Support for DeSantis and Abbott drops even further as COVID hospitalizations soar

Support for Florida Republican Gov. Ron DeSantis and Texas Republican Greg Abbott is continuing to nosedive as the COVID-19 crises in the Sunshine State and Lone Star State grow.

With hospitalizations remaining at dangerously high levels, schools districts are already preparing to fight the DeSantis mask bans in court and vaccines are growing increasingly politicized. Florida also set a record for COVID cases on Thursday.

In Texas, health workers are enduring physical and verbal attacks and more than 55,600 people in Texas have died from the virus.

A recent Morning Consult poll was released Thursday showing that 51 percent of independent voters now say they disapprove of DeSantis, up from 38 percent less than a month ago.

"DeSantis still has strong support among the GOP base, with more than four in five Florida Republicans saying they still approve of the governor, although that number dipped slightly since the beginning of July, from 87 percent to 83 percent," said Forbes.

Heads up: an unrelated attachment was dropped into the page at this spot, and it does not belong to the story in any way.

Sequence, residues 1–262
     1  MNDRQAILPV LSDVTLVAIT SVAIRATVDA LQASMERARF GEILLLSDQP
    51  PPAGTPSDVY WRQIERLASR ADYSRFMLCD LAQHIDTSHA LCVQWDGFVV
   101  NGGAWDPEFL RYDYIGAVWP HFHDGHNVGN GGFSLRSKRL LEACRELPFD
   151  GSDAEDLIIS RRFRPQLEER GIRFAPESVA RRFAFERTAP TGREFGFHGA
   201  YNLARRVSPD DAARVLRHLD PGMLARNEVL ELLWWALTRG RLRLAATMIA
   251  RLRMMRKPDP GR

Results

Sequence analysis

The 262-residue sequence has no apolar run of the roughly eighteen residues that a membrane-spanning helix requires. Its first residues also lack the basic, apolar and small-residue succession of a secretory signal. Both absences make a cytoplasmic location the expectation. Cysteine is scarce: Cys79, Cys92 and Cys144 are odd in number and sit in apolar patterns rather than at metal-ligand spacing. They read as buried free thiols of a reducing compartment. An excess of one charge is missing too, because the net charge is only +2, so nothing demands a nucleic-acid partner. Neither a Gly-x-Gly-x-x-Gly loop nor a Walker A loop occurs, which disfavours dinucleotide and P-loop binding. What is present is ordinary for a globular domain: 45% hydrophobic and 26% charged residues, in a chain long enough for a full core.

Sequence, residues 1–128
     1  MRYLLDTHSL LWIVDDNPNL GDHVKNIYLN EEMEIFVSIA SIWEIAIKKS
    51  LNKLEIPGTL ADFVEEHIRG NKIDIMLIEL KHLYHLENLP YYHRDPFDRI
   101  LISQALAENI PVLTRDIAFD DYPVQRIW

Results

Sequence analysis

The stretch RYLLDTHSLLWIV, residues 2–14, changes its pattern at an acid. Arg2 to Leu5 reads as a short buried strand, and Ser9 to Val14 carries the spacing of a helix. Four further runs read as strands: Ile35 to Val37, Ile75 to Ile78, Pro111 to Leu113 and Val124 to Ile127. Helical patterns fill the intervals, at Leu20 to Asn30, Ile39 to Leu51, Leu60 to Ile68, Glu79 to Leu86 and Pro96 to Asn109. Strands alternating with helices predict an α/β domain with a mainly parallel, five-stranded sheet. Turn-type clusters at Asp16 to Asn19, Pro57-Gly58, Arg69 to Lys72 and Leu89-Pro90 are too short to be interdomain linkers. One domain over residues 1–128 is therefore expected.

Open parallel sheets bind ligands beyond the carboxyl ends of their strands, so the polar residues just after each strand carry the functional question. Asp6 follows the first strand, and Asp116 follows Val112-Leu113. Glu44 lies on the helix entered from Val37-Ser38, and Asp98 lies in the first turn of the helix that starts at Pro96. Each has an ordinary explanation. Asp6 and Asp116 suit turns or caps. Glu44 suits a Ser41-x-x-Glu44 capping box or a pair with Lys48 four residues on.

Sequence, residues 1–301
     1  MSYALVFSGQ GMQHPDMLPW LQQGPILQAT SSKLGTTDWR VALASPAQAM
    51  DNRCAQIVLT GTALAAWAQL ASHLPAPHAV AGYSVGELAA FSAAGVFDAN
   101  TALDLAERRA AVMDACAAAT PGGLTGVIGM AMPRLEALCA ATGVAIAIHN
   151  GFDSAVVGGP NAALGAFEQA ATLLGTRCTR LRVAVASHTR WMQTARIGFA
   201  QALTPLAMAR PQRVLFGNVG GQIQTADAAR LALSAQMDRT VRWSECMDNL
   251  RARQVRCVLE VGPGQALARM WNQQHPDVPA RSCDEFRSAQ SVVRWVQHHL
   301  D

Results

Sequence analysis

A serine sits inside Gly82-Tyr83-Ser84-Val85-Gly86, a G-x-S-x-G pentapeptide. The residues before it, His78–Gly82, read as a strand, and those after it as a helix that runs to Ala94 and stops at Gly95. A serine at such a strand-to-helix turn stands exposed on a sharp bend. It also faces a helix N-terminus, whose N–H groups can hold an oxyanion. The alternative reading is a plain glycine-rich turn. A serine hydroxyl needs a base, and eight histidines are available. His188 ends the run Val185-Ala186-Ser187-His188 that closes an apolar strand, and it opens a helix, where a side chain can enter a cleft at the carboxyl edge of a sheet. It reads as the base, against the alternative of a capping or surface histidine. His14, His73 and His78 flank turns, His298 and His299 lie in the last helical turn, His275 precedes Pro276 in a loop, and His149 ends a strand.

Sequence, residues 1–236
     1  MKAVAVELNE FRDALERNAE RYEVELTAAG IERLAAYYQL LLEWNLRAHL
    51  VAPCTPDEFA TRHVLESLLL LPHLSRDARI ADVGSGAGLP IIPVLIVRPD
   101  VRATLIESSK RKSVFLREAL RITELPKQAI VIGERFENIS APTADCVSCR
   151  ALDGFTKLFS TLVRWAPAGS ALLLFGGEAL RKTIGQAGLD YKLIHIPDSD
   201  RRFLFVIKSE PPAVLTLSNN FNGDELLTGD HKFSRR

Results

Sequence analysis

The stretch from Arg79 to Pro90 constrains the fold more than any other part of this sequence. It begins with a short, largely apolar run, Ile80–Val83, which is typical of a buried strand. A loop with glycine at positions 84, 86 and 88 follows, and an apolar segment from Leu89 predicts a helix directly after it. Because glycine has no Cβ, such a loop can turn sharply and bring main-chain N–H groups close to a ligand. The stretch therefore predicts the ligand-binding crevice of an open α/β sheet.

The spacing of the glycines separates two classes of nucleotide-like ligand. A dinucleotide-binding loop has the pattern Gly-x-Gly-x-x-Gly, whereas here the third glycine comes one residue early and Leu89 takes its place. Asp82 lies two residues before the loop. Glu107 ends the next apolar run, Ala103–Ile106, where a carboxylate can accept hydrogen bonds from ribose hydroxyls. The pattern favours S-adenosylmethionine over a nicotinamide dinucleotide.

Approval among all voters shows a 14 percent drop for DeSantis in the past two months.

Meanwhile, in Texas, 3 million people have COVID, and support for Abbott is also falling. In early July 48 percent of independent voters said they disapproved of Abbott but that has grown to 54 percent. Abbott has fallen 7 points overall in the polls. That number has consistently fallen since April 2020 when the pandemic was beginning to increase in the U.S. Things grew worse over the winter when the state's power grid collapsed under a severe winter storm.

"By the last week in August, more than 23,000 new cases of Covid-19 were being reported in Florida daily, which was roughly 30 percent higher than the state's previous peak in January," said Forbes. "Hospitalizations and Covid-related deaths also hit all-time highs as the delta variant wreaked havoc in the Sunshine State. Texas was also dealing with a dangerous spike in late August, averaging in excess of 17,000 daily infections for the first time since early February."

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